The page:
While the BiViBIKES Bunker and Femur are being sold primarily as a frameset, full builds will be available in due course. Fully custom options will be offered alongside the spec featured here. Suffice to say, the choices made by the BiViBIKES team were pretty sound and suggest they know their onions! The full build weighed in a whisker over 24lbs which, considering the all steel construction, sturdy wheel and tyre combo, and Truvativ MTB cranks is a respectable all-in figure. As ever, saddle choice is a personal thing but the Fabric scoop saddle is a safe bet for  keeping most riders happy. The seat post and stem are supplied by Deda with steering dealt with by the excellent Ritchey VentureMax bars wrapped in Cinelli tape. An FSA headset keeps things smooth and the only generic component I could find was the seat clamp which performed faultlessly in any case.

Bivi Fork

Wide clearances as standard with the Femur fork.

Drivetrain & Braking

SRAM Apex

Trusty SRAM Apex 1x performs well

The Apex 1 gears performed well, as did the hydraulic brakes. There is only a minor drop in refinement and power compared to the more expensive Rival & Force stablemates. The 1x arrangement with clutch mech is spot on considering the off road duties the Bunker’s will encounter. Compared to Apex models the Truvativ Stylo cranks might seem like overkill but they offer more appropriate gearing for loaded off-road riding out of the box. They also use SRAM’s new DUB BB system which has been generally well received.

Rolling Stock

It was nice to see good quality wheels and tyres. The 42mm Challenge Gravel Grinder tyres are the premium TLR (Tubeless Ready) versions and can be run happily with 35psi for a supple ride. They rolled well on hardpack and performed better than expected in the slop. Set up without tubes they didn’t burp, weep or leak during testing. Mavic’s new UST Allroad Wheels come, tubeless ready, out of the box. Using 23mm wide rims they can take 28-62mm tyres.

Ride & handling

The Bunker took the loose trails of the Peak District in its stride. You did not need razor sharp reactions to correct it when it bounced off-line, and the skinny steel lived up to its reputation for taking the edge off trail buzz. In short, the handling was predictable and solid, even on steep climbs. The bike also zipped along efficiently on the flat sections.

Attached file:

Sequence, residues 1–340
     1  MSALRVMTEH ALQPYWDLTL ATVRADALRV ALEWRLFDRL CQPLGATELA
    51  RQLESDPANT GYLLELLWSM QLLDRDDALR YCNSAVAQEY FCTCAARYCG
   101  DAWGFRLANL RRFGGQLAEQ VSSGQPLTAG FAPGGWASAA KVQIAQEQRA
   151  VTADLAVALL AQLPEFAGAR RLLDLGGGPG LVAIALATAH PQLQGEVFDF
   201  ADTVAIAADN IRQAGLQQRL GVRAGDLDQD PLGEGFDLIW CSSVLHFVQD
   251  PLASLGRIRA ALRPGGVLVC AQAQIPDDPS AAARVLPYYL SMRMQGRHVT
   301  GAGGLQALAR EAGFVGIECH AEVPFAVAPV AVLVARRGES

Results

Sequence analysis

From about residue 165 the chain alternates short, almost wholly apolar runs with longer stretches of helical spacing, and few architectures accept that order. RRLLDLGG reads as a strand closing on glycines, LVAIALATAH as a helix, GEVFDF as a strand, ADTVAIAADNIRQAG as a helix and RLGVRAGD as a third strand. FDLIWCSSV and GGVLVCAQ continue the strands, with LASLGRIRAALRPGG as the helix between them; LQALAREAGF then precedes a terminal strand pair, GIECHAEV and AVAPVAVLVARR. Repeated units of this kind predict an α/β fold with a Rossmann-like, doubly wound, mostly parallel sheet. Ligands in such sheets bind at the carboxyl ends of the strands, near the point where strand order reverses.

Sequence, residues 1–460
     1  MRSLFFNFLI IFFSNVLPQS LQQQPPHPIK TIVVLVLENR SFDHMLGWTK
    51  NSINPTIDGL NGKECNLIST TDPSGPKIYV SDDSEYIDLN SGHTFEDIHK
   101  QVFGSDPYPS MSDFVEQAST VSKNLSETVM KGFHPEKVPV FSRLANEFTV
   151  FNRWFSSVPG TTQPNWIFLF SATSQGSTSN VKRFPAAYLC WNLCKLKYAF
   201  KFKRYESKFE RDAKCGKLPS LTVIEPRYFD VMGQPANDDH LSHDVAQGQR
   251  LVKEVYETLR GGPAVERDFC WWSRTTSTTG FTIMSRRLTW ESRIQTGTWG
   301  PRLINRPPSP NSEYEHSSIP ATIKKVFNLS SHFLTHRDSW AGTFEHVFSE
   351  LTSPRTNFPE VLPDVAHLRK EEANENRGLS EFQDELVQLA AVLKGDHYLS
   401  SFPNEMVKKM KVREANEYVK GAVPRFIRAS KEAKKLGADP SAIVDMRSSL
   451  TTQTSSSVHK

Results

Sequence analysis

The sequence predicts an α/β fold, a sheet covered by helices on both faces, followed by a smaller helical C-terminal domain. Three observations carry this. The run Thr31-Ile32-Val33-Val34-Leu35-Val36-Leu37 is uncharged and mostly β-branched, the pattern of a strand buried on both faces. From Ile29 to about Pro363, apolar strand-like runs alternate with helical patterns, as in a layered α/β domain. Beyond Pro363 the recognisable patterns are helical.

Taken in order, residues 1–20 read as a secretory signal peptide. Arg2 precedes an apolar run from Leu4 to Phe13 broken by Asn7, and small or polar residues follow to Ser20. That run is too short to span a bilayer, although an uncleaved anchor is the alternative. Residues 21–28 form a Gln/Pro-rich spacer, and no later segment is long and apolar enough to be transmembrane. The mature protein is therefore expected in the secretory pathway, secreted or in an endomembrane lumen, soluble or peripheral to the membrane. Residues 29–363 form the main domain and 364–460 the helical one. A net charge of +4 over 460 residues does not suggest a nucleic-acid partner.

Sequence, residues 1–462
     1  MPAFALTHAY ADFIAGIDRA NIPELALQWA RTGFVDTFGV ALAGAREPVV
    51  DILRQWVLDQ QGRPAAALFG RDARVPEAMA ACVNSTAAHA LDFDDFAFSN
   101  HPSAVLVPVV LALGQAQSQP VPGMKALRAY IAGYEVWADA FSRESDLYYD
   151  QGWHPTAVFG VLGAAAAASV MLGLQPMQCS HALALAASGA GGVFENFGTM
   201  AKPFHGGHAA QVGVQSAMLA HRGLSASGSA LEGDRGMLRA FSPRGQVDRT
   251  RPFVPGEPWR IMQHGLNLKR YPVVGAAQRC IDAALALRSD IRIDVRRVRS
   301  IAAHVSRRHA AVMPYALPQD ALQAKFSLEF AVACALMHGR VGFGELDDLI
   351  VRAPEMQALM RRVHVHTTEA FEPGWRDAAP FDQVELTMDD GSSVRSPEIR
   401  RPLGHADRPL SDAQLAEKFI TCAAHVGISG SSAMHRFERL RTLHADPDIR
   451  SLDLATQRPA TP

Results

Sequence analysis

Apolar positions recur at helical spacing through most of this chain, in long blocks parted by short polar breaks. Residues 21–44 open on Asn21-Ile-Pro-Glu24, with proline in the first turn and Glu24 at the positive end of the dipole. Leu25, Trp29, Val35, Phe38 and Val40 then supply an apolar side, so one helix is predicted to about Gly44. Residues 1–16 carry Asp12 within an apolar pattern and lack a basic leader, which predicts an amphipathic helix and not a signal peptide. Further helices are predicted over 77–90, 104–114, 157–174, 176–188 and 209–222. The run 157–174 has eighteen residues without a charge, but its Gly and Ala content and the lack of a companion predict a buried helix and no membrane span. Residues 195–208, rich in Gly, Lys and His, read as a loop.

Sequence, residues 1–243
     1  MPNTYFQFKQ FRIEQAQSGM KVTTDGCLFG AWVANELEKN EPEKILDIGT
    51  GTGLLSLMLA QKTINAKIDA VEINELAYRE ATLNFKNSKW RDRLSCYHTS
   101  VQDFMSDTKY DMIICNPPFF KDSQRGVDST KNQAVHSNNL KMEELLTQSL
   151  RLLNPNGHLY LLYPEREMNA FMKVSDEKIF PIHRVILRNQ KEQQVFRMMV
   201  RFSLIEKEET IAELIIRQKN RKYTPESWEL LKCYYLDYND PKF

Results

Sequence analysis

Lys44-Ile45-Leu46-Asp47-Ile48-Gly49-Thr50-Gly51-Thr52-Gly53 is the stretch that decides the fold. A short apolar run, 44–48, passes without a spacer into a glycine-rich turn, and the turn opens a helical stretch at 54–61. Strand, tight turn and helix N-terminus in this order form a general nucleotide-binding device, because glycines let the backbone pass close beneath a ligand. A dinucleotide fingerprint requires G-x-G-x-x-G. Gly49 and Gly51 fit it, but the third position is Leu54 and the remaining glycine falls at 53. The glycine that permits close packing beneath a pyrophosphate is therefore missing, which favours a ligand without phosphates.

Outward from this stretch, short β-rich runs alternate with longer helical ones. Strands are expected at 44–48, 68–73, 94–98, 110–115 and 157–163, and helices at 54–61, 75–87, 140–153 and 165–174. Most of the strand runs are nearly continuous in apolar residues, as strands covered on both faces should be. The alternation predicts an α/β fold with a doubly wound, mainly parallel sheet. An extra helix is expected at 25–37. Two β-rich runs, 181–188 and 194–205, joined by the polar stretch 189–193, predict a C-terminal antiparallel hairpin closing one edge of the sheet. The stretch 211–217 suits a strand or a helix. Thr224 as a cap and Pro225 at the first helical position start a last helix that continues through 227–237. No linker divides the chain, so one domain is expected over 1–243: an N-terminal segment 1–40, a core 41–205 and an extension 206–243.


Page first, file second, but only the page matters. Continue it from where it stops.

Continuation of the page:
The wide Ritchey bars enhanced control through tight singletrack and allowed efficient, one finger braking. This spurred me on, confident in the knowledge that it could be easily reined in.

One size fits all?

One issue of course is that the Bunker is only available in one size.  At 180cm tall I found the Bunker to be a good fit. Others might be less fortunate!

BiViBIKES Bunker goes for a ride

Conclusion

There is no getting away from the fact that being available in only one size automatically rules out the Bunker for lots of riders.  However, it still makes for an interesting proposition if it does fit.

At around £500* for the frameset there are few rivals if steel is your bag. At £1579 for the build featured here, the Bunker is in the same ballpark as the similarly equipped Ragley Trig, Kona Rove or Genesis Fugio.

The Bunker is not a speed machine but it is not that slow. With your kit loaded up it makes a great platform for tapping out some sociable miles to a bivi spot. Whether your route takes in tarmac or singletrack you will have fun getting there.

*At the time of writing BiViBIKES have an introductory offer available for early-bird customers.

BiViBIKES Bunker

£550-£1579
8

The feel of steel with a unique twist

8.0/10

Pros

  • Quality steel frame with smart detailing
  • Smooth ride and lively handling
  • Well thought out build spec

Cons

  • Only one frame size
  • Tyre clearances could be wider
  • Straight steerer limits fork upgrades

Last modified: 4th June 2019